If a greater safety is required of analog coding of a transmission, then the alternating current can be transmitted on the basis of frequency modulation. In addition, this invention shows how the input loudness of speech can be transmitted to the called subscribed at the same amplitude regardless of the service line. Interpretation in the outgoing direction, e.g., in the subscriber's line termination circuit, must be independent of the attenuation of the service line. This can be accomplished in various ways. Attenuation pads may be provided for each service line individually or variable attenuation pads that are adjusted according to the line attenuation of the respective subscriber may be provided for central components such as connector sets, or a value adjustment may be performed by individual measurement of the respective service line by comparison.
The exchange can also be made with the multiplexers and switching matrix networks and the hierarchy steps as in the EWSD and S 12 systems. In the present invention, a quasi-4-wire operation is provided from the subscriber end so the connection groups are substantially different. The through connection is always done on a quasi-4-wire basis.
Subscriber call registering in the known systems is done with 16 kHz pulses during the conversation. This of course has a great influence on the quality of the transmission. In the present invention, the signal identification is transmitted to the subscriber in an advantageous manner. Call charges are then registered at the subscriber's end. The zone can be transmitted by the exchange or it can be determined at the subscriber's end from the area code. Such an arrangement is already known from German Pat. Application No. DE 3,303,699.1 and therefore will not be discussed further here.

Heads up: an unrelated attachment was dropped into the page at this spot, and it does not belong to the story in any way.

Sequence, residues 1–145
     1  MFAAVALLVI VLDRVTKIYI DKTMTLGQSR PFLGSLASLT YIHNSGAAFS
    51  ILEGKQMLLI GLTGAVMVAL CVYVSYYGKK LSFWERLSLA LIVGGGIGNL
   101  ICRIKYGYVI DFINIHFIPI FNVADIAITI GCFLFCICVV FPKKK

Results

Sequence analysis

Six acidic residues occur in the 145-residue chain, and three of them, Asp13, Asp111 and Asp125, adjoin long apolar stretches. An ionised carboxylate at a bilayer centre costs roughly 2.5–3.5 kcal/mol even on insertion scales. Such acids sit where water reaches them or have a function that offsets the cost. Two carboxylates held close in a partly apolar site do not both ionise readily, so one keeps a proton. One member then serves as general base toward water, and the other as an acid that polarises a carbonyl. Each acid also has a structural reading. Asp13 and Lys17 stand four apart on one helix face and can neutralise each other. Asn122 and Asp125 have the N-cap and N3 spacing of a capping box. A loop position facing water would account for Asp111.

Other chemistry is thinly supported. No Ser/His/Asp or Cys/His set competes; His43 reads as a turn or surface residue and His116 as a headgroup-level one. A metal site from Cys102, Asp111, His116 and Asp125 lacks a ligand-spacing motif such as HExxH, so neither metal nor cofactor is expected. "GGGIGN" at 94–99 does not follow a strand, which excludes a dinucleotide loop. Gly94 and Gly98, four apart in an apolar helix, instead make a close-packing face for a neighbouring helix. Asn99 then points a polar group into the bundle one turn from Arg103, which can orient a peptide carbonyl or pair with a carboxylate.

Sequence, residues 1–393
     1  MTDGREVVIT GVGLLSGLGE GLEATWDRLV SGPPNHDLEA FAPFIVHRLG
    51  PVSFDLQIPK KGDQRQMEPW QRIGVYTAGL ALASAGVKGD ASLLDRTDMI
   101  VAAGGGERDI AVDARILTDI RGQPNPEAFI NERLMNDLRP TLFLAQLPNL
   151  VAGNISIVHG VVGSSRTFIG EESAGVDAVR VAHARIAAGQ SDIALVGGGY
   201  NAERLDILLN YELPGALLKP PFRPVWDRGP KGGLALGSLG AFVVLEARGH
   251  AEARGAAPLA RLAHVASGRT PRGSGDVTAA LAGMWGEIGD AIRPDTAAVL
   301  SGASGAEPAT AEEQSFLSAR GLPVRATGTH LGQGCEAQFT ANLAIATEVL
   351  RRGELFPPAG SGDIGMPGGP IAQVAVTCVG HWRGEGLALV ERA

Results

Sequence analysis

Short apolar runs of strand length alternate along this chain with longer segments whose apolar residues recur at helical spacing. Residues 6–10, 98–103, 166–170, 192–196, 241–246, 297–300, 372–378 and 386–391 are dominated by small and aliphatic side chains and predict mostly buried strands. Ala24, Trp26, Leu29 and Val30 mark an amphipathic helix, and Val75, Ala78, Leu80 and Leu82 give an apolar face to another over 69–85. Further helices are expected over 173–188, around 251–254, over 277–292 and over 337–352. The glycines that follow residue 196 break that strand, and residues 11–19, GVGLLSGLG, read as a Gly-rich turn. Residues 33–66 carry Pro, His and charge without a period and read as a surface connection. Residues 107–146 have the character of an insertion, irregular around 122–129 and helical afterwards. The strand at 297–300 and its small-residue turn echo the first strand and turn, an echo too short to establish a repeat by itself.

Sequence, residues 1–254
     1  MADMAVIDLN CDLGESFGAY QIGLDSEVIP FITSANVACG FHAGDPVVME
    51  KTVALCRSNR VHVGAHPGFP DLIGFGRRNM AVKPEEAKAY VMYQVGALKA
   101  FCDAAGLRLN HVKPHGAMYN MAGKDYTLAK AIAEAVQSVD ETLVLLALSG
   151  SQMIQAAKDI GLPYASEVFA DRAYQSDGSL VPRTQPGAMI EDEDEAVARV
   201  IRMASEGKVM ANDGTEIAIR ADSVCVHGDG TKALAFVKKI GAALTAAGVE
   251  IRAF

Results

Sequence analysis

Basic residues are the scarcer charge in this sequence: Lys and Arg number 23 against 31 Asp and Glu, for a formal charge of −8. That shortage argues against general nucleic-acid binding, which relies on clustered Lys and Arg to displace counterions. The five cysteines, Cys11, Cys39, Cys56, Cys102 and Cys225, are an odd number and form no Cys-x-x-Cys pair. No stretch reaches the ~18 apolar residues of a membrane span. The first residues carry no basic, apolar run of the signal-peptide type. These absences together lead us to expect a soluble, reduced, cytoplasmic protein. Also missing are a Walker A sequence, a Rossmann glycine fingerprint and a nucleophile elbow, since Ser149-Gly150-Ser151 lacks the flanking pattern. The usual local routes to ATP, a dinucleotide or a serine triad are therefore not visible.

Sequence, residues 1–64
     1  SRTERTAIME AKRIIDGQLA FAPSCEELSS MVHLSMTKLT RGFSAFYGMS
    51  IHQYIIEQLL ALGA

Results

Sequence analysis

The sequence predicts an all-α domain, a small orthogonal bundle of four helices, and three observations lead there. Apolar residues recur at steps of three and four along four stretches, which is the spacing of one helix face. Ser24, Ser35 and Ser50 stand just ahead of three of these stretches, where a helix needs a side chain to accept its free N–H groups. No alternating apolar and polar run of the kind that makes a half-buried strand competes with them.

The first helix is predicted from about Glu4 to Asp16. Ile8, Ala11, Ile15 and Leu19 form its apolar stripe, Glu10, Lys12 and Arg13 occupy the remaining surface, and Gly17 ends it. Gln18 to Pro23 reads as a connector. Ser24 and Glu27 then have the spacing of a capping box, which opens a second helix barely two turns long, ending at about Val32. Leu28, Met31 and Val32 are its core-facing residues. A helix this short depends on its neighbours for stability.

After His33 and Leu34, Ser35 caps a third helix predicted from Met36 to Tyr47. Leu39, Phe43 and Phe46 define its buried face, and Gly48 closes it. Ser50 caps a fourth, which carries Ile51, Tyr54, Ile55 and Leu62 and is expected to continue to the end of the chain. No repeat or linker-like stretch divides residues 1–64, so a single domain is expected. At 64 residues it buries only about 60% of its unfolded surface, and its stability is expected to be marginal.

The present invention will now be explained in greater detail with reference to the figures which show the following:
FIG. 1 shows hybrid sets of a 2-wire/4-wire connection or a 4-wire/2-wire connection;
FIG. 2 shows transition phases of a network of 2-wire to 4-wire operation;
FIG. 3 shows the filter characteristic of a mechanical filter;
FIG. 4 shows the filter characteristic of a quartz filter;
FIG. 5 shows a quasi 4-wire path with two code alternating currents;
FIG. 6 shows a quasi-4-wire path for long distance communications over existing carrier frequency systems;
FIG. 7 shows a traditional carrier frequency system;
FIG. 8 shows the frequency reduction of a binary code alternating current;
FIG. 9 shows a comparison of a unipolar binary signal and the AMI code for the code alternating current;
FIG. 10 shows a possible terminal exchange-central exchange wiring;
FIG. 11 shows a time-division multiplex combination of code alternating currents to form one code alternating current with transmission on the basis of frequency modulation;
FIG. 12 shows a connection diagram of an arrangement according to this invention;
FIG. 13 shows frequency modulation as a function of amplitude and frequency;
FIGS. 14, 25 and 26 show pulse amplitude modulation with one or more code alternating currents and their production;
FIG. 15 shows an existing carrier frequency system with which two speech channels can be transmitted over one channel.
FIG. 16 shows alternating current coding with the amplitudes of the half-waves and addition of code alternating currents;
FIG. 17 shows a time multiplex division system at the subscriber's end with a time coupling stage;
FIG. 18 shows multivalued amplitude coding;